Proving the Business Case for the Internet of Things

Time to stop doing things wrong if IoT is to meet expectations

Steve Rogerson
November 7, 2018



The benefits of IoT have been exaggerated and the difficulties under-estimated, according to Annie Turner  (pictured) from IoT Now Transportation, speaking at last week’s Advantech IoT Co-Creation Summit in Suzhou, China.
 
“We got excited about IoT and jumped up and down,” she said, “but things went wrong. This has led to some very public failures. It is a noisy, confused market with more than 500 IoT platform available.”
 
An example of one of the public failures, she said, was in the UK where the government spent £11bn on installing smart meters in people’s homes but these did not work if householders changed suppliers.
 
“The smart meter turns into a brick with your new supplier,” she said.
 
She was also critical of the new ecosystem model for IoT.
 
“There is no-one in charge and that puts off customers,” she said. “They don’t know where to start. You have to do a lot of bespoke stuff and one of the things you have to do is scale.”
 
She said there were too many technologies and a shortage of available skills. And it was difficult for businesses to understand how it applied to them.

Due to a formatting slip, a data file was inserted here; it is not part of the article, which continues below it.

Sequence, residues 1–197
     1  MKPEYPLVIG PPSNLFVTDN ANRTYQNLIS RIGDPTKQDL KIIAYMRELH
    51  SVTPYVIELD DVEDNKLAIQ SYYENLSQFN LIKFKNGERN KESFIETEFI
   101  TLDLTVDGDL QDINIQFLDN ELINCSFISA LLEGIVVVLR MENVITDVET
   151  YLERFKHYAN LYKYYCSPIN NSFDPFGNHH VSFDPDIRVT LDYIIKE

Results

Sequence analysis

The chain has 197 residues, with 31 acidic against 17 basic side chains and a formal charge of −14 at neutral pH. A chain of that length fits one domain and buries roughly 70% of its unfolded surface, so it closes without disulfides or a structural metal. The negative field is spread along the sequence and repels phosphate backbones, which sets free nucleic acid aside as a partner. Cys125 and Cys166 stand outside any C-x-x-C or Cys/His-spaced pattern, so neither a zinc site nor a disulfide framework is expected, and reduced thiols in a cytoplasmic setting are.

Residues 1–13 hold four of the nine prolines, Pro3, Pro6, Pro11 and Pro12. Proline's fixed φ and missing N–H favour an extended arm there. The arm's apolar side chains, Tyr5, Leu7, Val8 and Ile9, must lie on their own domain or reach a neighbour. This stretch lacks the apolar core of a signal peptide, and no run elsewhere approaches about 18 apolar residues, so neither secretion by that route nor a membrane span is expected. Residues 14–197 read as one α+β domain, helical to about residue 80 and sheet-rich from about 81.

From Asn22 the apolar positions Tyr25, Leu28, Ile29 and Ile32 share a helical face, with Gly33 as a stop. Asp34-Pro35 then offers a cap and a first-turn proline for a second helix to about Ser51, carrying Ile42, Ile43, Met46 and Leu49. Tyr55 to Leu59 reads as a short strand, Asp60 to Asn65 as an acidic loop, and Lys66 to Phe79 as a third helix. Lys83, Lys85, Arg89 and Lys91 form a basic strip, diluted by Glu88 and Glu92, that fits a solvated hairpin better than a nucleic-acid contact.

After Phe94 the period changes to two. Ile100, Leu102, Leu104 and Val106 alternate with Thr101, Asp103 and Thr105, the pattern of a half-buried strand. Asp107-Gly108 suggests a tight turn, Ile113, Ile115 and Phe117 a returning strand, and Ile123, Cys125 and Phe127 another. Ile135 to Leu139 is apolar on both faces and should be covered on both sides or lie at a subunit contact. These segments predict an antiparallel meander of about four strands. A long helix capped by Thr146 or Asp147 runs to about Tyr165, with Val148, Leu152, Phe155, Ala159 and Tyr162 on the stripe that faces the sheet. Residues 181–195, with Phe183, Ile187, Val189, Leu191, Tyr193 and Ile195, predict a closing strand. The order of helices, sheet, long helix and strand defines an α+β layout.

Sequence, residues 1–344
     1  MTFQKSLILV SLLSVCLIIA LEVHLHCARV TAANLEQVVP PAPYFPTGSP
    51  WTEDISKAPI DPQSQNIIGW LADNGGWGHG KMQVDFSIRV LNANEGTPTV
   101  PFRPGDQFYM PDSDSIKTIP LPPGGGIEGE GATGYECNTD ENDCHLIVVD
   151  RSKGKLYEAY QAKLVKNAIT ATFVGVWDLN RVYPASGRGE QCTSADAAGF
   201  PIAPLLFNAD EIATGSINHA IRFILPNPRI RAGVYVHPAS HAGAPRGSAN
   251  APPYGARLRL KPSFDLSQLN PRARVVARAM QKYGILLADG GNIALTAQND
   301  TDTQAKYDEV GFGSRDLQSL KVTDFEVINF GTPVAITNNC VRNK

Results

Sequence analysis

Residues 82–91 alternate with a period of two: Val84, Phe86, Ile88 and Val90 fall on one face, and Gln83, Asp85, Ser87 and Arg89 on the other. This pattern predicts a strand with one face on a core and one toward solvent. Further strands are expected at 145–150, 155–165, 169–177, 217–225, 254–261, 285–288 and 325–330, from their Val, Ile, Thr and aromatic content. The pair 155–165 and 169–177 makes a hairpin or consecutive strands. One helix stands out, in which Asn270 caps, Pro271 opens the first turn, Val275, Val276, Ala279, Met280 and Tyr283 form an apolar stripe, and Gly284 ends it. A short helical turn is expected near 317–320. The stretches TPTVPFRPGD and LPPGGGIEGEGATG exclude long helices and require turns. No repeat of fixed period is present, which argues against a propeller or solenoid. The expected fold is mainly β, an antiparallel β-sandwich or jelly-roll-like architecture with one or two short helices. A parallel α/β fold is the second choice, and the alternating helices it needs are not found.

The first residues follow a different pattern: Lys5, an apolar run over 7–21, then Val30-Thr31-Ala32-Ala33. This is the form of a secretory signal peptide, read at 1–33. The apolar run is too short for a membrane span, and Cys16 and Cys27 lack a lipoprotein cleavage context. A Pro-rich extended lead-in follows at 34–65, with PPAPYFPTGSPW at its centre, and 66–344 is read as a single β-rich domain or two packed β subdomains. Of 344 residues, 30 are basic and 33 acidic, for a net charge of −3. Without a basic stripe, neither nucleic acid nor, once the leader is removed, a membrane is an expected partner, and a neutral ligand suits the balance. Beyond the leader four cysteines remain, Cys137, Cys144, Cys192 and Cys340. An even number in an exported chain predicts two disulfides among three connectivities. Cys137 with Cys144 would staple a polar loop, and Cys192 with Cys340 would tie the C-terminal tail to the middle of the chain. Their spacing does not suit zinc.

“IoT companies are forgetting the number one rule and that is being easy to do business with,” she said. “We need to take a step backwards and spend time and energy educating people about what IoT can do. You need to think about what you need to achieve.”
 
She said that companies needed to specify how the relationships between partners in the ecosystem worked and remove the complexity.
 
“On the good side, costs are falling and that’s always cheery,” she said. “You need replicable templates and processes. We need more success stories because that cheers everyone up. The more case studies you get out there, the better.”
 
She said that 5G was going to be a challenge. “That is blindingly obvious,” she said. And she took a swipe at analysts, calling for people to stop counting the number of connected devices.
 
“People don’t care,” she said.
 
And she said it was important to start thinking of IoT as an embedded part of the business.
 
Jash Bansidhar (pictured below), sector head for industrial IoT at Advantech, described Europe as a very complex place to do business, with many different ways of doing things and different regional customs.
 
 
 
He said that though Eastern Europe had only ten per cent of European business, Advantech was investing there. It was also putting more people into the UK as Brexit would mean adopting a different approach.
 
“Even though it is one continent, it is a complex situation for business,” he said.
 
On the industrial front, there were more than two million factories in Europe.
 
“Advantech has 400 people in Europe, so we need to address that,” he said. “So we have built a partner network with 75 partners. This means the core sales team of Advantech can concentrate on the big guys, especially in automotive. The automotive manufacturing sector is a frontrunner in IoT. They are bringing innovation for Industry 4.0.”